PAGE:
I seriously recommend this product and you can expect to see more posts with the different uses that I will find for it.  This was definitely a great gift!  Thank you for looking!

Wednesday, June 29, 2011

Chuck Roast in the Oven

 This last weekend, the weather did not permit for outdoor cooking.  We had to resort to other means.  We started out with two boneless beef chuck roasts, that were on sale, for $1.99 a pound. The chuck roasts were rubbed with a Texas style homemade rub.  The rub consisted of granulated garlic powder, onion powder, Ancho chili powder, black pepper, cumin, kosher salt and sugar.  Each chuck roast with approximately between two and 2 1/2 pounds.  While the rub was being applied, the oven was preset to 350°. The roast would go in the oven for one hour, uncovered.
This is what the roasts look like after one hour.  The next step is to add 1 1/2 to 2 cups of the beef broth to the pan and then foil.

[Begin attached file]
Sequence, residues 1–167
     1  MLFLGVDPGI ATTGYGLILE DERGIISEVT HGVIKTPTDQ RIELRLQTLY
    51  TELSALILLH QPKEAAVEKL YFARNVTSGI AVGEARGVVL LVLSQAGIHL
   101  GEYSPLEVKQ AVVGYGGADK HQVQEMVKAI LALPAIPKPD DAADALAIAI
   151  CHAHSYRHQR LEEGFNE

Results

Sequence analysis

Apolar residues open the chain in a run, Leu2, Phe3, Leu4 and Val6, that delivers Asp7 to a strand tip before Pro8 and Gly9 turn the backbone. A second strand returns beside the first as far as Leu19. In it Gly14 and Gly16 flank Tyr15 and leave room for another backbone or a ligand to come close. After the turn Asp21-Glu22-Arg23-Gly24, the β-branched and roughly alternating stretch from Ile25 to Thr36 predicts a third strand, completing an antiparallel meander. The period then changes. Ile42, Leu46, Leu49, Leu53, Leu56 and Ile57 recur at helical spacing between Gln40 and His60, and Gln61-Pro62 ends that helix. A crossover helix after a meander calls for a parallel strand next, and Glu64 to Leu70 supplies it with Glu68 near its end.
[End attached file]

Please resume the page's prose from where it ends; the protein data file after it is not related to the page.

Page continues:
The pan would then go back in the oven for three hours, at 300°(the temperature was reduced).
After the three hours, allow the roasts to rest for about 10 to 15 minutes.  Be very careful to uncover the foil, as there is probably still some steam.  At this point, you can either try to slice it or just pull it apart.  The meat is so tender that it will just break apart.  We have used this for tacos, wraps, served over white rice and even on pizza.  The possibilities are endless.
On this occasion, we decided to just have it a vegetable medley.  If you wanted to, you could use the pan drippings to make a delicious gravy, not that it is needed; but otherwise it would be a waste of good flavor.  This particular dish is not very time-consuming to prepare, other than the time spent in the oven.  It is definitely a crowd pleaser and with proper planning, does not make you a slave to the kitchen.  Hope you try it, soon!